As of April 2020, Bitcoin regulations aside, the cryptocurrency was legal in the U.S., Japan, the U.K., Canada, and most other developed countries. Many countries have different cryptocurrency regulations, some even single out Bitcoin, allowing it to be used as money, to pay taxes, purchase goods, or trade like a commodity.
Even the mere possession of Bitcoin in some countries can get you sent to prison, while others have not yet regulated it at all. Bitcoin and other cryptos remain in a state of legal limbo in some places, but that is rapidly changing.
Bitcoin Regulations: INDIA
The Supreme Court of India has ruled that the banking ban on crypto made by the Reserve Bank of India (RBI) is unconstitutional.
In April 2018 the RBI issued circulars warning users, traders, and holders of India bitcoin and cryptocurrencies to cease. This represented an extreme stance in the world of Bitcoin regulations. In January the Supreme Court finished hearing arguments against and for the ban after sitting on the suit for nearly two years.
In March 2020 CoinDCX, a Mumbai-based exchange announced that India clients now can purchase crypto using the Indian rupee. CoinDCX is the first exchange in India to integrate bank account transfers for its customers.
What does this mean for the Bitcoin markets? After the announcement, the price of Bitcoin went up about 5% along with some of the more popular altcoins. Some exchanges overloaded due to the volume of new India bitcoin customers finally being able to buy crypto. ZebPay said its servers had gone down because of the overload of new users being able to sign up after the ban was lifted.
The U.K. based Cashaa banking platform jumped in right away waving deposit and withdrawal fees for its customers. India bitcoin and altcoins exchange Warzix has teamed up with Binance and is now offering India’s first initial exchange offering (IEO). Using the token WRX will cut trading fees in half. This is similar to the Binance BNB token that discounts trading fees on their exchange.
Bitcoin Regulations: USA
The Cryptocurrency Act of 2020 was introduced to the U.S. House of Representatives by Arizona Congressman Paul Gosar (R) after a joint statement from the FinCEN, SEC and the CFTC noting people who engage in digital assets and activity must abide to certain laws. The act seeks to set clear guidelines on how cryptocurrencies are categorized. It proposes three categories:
- Crypto Currencies – Any representation of currency or synthetic derivatives resting on a blockchain or decentralized cryptographic ledger (e.g. Bitcoin or Litecoin), including reserve-backed digital assets (e.g. stable coins).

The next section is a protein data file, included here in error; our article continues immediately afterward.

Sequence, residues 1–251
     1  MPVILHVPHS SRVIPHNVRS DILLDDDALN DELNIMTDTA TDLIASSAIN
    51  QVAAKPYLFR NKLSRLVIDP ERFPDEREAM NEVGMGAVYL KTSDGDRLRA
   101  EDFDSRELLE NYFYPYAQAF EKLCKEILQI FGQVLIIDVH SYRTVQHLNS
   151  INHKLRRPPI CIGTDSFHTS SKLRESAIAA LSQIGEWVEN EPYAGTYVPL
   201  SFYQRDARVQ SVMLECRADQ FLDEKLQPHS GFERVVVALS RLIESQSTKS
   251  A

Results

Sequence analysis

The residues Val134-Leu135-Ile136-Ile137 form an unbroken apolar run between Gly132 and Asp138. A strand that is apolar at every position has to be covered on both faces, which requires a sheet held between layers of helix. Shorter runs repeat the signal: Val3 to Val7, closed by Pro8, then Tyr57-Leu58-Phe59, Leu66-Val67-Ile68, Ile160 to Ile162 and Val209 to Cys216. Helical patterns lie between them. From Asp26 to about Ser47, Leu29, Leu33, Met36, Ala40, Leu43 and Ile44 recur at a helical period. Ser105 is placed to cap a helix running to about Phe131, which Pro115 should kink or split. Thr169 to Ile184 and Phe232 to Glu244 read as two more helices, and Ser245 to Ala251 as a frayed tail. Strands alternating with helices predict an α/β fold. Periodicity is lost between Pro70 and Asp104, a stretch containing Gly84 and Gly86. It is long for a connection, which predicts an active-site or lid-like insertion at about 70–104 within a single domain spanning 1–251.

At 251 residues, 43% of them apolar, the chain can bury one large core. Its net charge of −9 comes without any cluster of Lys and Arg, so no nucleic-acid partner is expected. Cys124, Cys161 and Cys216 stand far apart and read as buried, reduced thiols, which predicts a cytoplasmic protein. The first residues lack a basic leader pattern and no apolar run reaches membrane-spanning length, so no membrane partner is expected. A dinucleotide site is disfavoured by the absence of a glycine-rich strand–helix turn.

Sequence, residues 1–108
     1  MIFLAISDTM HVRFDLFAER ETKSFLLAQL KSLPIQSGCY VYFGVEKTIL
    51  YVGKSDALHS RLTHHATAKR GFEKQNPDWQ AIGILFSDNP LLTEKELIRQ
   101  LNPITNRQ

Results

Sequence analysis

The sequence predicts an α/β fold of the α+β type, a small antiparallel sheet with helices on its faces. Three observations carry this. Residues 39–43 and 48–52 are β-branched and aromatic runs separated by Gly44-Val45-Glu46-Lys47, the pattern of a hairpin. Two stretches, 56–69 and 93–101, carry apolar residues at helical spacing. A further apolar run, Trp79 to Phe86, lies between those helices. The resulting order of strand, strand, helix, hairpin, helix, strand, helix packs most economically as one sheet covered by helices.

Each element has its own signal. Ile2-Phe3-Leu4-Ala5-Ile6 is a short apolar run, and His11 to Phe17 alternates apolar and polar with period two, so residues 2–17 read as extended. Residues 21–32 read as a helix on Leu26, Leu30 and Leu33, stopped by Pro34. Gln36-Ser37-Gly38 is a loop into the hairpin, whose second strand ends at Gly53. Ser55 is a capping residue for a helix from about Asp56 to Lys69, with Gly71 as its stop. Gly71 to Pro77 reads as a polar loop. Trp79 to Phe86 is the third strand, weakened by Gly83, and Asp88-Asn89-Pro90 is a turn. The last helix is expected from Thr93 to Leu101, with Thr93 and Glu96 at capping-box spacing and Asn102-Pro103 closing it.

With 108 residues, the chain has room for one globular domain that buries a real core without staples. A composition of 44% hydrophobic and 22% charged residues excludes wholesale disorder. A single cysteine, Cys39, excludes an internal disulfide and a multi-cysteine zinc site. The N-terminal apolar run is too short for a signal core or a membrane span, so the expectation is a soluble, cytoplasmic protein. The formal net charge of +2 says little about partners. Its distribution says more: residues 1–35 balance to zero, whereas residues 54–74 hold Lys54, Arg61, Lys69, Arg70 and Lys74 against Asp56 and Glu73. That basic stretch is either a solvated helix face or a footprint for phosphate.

- Crypto Commodities – Economic goods or services that markets treat without regard for who produced them that rest on a blockchain or decentralized cryptographic ledger (e.g. Bitcoin futures contracts).
- Crypto Securities – Debt, equity or derivative instruments that rest on a blockchain or cryptographic ledger (e.g. initial coin offerings)
If the bill were to pass, it would hand over sole authoritative power to these agencies giving them regulatory control over the assets in their jurisdiction.
These agencies are:
- The Financial Crimes Enforcement Network (FinCEN). They usually regulate banking and money service institutions. They will regulate cryptocurrencies.
- The Commodity Futures Trading Commission (CFTC). Typically regulates the commodities and futures markets and will regulate crypto commodities.
- The Securities and Exchange Commission (SEC) This group usually regulates the securities markets. They will regulate crypto securities.
Public records of all licenses, certifications, and registrations needed to create, issue or trade digital assets will be maintained by The Federal Digital Asset Regulator. FinCEN will work along with the Security of the Treasury to come up with similar rules enforced by financial institutions to trace cryptocurrency transactions, and the IRS to ensure taxation.
The drafting and publishing of their proposed regulations will be the next step. Coin Center’s executive director Jerry Brito says the bill should be opposed in principle if it shows signs of life. Brito criticized Representative Gosar for not being on any committees that will discuss his bill.
Head of operations for TokenSoft Lawson Baker stated that while the bill makes sense on the surface, a deeper look reveals the neat categorizations are possible fatal flaws.
The bill is thought to have little chance of passage. However, according to lawyers and backers in the industry, this latest in what is sure to be many bitcoin regulations provides insight into what new law governing crypto could look like in the future.